4. What Else Should I Consider When It Comes to Interest Rates and Retirement Planning?

What Else Should I Consider When It Comes to Interest Rates and Retirement Planning?There are several things to consider. One is living expenses: interest rates can affect your overall cost of living in surprising ways. Let’s say, for instance, that you plan to move to a new home once you retire. Changing interest rates will affect any new mortgage payments, so you’ll need to factor that in. 

Rising rates can also affect your expenses if you other have loans and debts. All loans (including mortgages) generally are available with variable and fixed rates. If you’re concerned with the retirement planning Houston offers, it can be a good idea to stick with fixed rates, as they won’t fluctuate. That will give you insulation against the threat of higher rates.  On the other hand, if rates are already high and expected to fall, you should discuss the advisability of getting variable rates.

The second thing to consider is inflation. This is the growth of prices for goods and services over time. Generally, U.S. inflation runs at about 2-3 percent annually. Recently, however, it jumped in the short-term post-pandemic period to around 9 percentThe most important aspect of inflation’s impact is the long-term trend, not so much short-term spikes.  

Since inflation steadily erodes your purchasing power, it’s significant for everyone. However, for retirees, it can significantly affect your ability to fund a comfortable retirement. You can better protect your long-run plan by factoring it into your retirement budget projections. At Linscomb & Williams, our team of multi-credentialled professionals works hard to factor inflation risk into our long-run cash flow modeling for clients.  In other words, we don’t assume you will pay the same for each item you purchase, let’s say, 10 or 20 years down the road. You won’t—those prices will change with inflation. In addition, your retirement funds need to be invested for returns that will keep you on track to outpace its effects.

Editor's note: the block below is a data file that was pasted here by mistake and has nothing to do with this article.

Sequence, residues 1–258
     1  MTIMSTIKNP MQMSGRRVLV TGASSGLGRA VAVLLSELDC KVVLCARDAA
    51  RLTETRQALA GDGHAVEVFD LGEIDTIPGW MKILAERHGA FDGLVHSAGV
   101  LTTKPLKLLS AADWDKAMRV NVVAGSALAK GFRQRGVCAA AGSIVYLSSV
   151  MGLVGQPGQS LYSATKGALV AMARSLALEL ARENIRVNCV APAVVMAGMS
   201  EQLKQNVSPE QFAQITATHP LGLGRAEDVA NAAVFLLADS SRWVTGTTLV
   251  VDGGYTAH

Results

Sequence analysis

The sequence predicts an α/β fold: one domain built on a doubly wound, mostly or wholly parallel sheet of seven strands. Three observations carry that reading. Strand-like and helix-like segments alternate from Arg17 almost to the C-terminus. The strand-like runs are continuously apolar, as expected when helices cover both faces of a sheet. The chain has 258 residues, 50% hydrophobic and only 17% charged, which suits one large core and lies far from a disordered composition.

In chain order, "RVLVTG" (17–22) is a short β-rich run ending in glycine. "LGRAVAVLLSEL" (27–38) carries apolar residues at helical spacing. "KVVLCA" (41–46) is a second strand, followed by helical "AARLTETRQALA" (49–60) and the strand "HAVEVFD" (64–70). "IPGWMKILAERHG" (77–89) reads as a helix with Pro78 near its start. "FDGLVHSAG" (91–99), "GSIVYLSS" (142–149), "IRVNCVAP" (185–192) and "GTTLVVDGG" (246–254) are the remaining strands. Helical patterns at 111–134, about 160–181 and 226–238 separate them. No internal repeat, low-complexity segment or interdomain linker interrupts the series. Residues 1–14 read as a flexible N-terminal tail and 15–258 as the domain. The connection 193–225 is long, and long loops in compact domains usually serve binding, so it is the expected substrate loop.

5. Bottom Line: What Should You Do if You’re Concerned About Rising (or Falling) Interest Rates’ Impact on Your Retirement Plans?

Rising and falling interest rates have multiple and extended effects on your retirement planning. We believe the most sensible plan is to meet with your Linscomb & Williams advisor to set up a retirement plan that demonstrates it can work in multiple scenarios, both rising and falling interest rates. Contact us today.


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B. Craig Ivy, CFP®

B. Craig Ivy, CFP®

B. Craig Ivy is a Director and Wealth Advisor for Linscomb & Williams.

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Investment Advisory Services are offered by Linscomb & Williams, an SEC registered investment adviser, and a subsidiary of Cadence Bank. Linscomb & Williams (L&W) provides financial planning, investment management, and retirement plan and investment consulting services. L&W is not an accounting firm, and does not provide tax, legal or accounting advice.

Information expressed herein is based upon opinions and views of L&W and information obtained from third-party sources that Linscomb & Williams believes to be reliable, but Linscomb & Williams makes no representation or warranty with respect to the accuracy or completeness of such information. All opinions and views constitute our judgments as of the date of writing and are subject to change at any time without notice.